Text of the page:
If you are looking for a high-brow art-house film then this is not the film for you. If however you are looking for a less funny Four Weddings and a Funeral, a less endearing Notting Hill or a less moving Love Actually without the intelligence of a Richard Curtis script then this is the picture for you. It is not celluloid rocket science, but a midly entertaining, occasionally funny and often very silly film.
The Wedding Date is a vehicle for Debra Messing, better known as Grace, the more boring straight half in the US television show Will and Grace. Messing does not however simply play the same chick lit stereotype, although there are some similarities with the neurotic Grace, instead she portrays Kat, a woman who feels her life is in freefall. You do find yourself willing for things to work out for her even when the film itself disappoints.
So the story so far: Kat hires a male escort to accompany her to London to her sister’s wedding, where her ex-boyfriend (who dumped her, obviously) is the best man. Dermot Mulroney plays the escort Nick, and although he looks very handsome he is given very little to do and some atrocious lines.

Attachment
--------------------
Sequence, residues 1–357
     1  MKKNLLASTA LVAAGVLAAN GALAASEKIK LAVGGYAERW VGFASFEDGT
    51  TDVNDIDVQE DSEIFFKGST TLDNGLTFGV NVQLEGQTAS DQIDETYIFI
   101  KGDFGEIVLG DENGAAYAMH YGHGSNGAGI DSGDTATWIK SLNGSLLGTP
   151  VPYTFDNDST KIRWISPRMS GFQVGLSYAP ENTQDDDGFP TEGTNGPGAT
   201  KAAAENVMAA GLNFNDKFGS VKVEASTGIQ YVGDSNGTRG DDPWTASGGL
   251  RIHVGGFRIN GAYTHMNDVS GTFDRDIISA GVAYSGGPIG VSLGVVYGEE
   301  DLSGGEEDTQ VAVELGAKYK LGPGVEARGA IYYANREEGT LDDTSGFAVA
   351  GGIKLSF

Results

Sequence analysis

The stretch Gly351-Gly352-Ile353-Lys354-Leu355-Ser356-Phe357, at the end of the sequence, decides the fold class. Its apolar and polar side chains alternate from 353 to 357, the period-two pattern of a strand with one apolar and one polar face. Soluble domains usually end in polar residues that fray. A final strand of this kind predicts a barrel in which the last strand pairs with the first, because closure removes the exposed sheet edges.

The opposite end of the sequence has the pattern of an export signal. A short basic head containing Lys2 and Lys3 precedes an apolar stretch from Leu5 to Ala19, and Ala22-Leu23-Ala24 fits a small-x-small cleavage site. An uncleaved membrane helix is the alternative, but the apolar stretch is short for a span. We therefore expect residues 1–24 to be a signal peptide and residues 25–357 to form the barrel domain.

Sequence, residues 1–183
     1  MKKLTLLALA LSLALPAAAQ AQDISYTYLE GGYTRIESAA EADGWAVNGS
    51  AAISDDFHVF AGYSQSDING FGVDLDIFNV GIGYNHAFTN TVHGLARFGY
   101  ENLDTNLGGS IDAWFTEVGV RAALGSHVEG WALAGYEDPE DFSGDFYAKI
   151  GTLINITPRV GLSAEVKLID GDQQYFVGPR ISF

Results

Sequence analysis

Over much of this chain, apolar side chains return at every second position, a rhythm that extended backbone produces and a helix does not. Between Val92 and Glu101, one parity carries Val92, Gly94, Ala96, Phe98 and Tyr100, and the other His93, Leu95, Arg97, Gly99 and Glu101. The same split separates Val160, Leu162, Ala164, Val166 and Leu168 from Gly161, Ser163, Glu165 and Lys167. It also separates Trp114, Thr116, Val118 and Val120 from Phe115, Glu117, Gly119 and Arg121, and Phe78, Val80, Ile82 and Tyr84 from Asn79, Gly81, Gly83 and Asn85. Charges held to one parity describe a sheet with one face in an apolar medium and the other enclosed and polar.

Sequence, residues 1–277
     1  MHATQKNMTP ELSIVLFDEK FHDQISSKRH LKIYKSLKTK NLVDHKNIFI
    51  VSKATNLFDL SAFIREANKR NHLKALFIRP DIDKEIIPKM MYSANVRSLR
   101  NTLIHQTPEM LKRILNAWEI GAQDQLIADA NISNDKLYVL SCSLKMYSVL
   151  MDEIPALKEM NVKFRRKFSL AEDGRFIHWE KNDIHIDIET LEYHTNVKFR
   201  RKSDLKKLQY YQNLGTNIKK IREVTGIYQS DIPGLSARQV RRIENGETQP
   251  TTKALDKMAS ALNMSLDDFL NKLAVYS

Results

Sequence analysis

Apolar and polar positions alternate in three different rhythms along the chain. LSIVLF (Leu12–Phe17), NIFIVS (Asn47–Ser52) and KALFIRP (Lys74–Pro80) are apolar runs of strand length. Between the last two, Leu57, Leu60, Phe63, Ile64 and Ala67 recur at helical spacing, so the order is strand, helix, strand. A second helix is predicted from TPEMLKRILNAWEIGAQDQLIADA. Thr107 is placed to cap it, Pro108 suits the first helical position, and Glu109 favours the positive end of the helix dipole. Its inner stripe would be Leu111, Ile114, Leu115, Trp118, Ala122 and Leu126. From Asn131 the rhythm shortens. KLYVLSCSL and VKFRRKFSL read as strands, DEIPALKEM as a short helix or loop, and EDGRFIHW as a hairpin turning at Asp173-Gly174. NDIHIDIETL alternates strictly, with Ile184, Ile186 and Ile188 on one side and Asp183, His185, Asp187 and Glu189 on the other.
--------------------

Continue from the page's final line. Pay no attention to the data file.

The majority of the rest of the cast are made up of English character actors, who fulfil all the obligatory cliches, which usually accompany this type of film. There is the overbearing, dominant mother with a heart of gold, the quiet but loving father, the strange sister and of course the loud, over-sexed best friend, played wonderfully by Sarah Parish. However, it is Jack Davenport as the slightly stupid English groom who steals the show and truly makes you believe in him as a real character.
It is the London Tourist Board version of the city and there is no attempt to locate the film in a real place or time; instead every location is a stereotype that certainly does not exist. London is a city that seems to have very few people in it and those that do populate it appear to be idiots, so no change there then. The countryside is chocolate box pretty to the point that you expect the hunting reds and the inbred yokels to turn up on screen. The locations simply serve the narrative and never convince the viewer that they are watching real people in a real place.
The problem with the film is that it is never really sure what it wants to be. The initial section is played as a comedy and farce but the film is never funny enough. Later when it becomes surprisingly dark and dramatic the audience has not invested enough in the characters to really buy into them.
A romantic film often walks a fine line between being truly emotional or cringe making. Unfortunately this film is too often in the later category. This is not helped but some awful dialogue that even the best actors would struggle to make convincing. As dates go, The Wedding Date is one that you wish you had stood up.